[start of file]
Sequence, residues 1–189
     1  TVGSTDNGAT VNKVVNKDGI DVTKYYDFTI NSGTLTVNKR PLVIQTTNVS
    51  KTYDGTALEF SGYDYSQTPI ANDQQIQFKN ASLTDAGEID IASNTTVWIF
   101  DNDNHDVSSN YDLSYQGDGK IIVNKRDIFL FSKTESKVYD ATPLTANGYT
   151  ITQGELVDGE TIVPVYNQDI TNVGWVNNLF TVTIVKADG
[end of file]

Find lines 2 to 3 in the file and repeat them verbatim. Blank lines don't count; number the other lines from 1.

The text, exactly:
     1  TVGSTDNGAT VNKVVNKDGI DVTKYYDFTI NSGTLTVNKR PLVIQTTNVS
    51  KTYDGTALEF SGYDYSQTPI ANDQQIQFKN ASLTDAGEID IASNTTVWIF